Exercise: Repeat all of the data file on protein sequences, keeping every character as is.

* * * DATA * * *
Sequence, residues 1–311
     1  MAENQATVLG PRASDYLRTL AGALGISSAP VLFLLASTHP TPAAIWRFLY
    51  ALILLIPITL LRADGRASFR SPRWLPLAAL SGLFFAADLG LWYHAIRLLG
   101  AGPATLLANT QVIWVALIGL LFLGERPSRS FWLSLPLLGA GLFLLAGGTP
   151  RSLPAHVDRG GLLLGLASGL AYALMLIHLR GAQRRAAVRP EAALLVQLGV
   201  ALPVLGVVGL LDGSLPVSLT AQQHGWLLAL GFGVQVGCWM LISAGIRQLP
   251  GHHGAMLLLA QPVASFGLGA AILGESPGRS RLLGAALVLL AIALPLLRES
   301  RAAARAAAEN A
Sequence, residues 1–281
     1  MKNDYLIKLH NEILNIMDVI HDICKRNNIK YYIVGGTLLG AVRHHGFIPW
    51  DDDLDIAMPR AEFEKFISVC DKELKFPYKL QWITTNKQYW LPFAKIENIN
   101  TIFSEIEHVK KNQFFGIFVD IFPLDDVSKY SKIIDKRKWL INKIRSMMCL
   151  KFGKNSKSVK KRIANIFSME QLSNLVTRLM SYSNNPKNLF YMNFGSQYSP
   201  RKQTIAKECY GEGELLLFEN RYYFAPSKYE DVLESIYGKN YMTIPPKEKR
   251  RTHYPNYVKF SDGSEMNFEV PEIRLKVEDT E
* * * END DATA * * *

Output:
Sequence, residues 1–311
     1  MAENQATVLG PRASDYLRTL AGALGISSAP VLFLLASTHP TPAAIWRFLY
    51  ALILLIPITL LRADGRASFR SPRWLPLAAL SGLFFAADLG LWYHAIRLLG
   101  AGPATLLANT QVIWVALIGL LFLGERPSRS FWLSLPLLGA GLFLLAGGTP
   151  RSLPAHVDRG GLLLGLASGL AYALMLIHLR GAQRRAAVRP EAALLVQLGV
   201  ALPVLGVVGL LDGSLPVSLT AQQHGWLLAL GFGVQVGCWM LISAGIRQLP
   251  GHHGAMLLLA QPVASFGLGA AILGESPGRS RLLGAALVLL AIALPLLRES
   301  RAAARAAAEN A
Sequence, residues 1–281
     1  MKNDYLIKLH NEILNIMDVI HDICKRNNIK YYIVGGTLLG AVRHHGFIPW
    51  DDDLDIAMPR AEFEKFISVC DKELKFPYKL QWITTNKQYW LPFAKIENIN
   101  TIFSEIEHVK KNQFFGIFVD IFPLDDVSKY SKIIDKRKWL INKIRSMMCL
   151  KFGKNSKSVK KRIANIFSME QLSNLVTRLM SYSNNPKNLF YMNFGSQYSP
   201  RKQTIAKECY GEGELLLFEN RYYFAPSKYE DVLESIYGKN YMTIPPKEKR
   251  RTHYPNYVKF SDGSEMNFEV PEIRLKVEDT E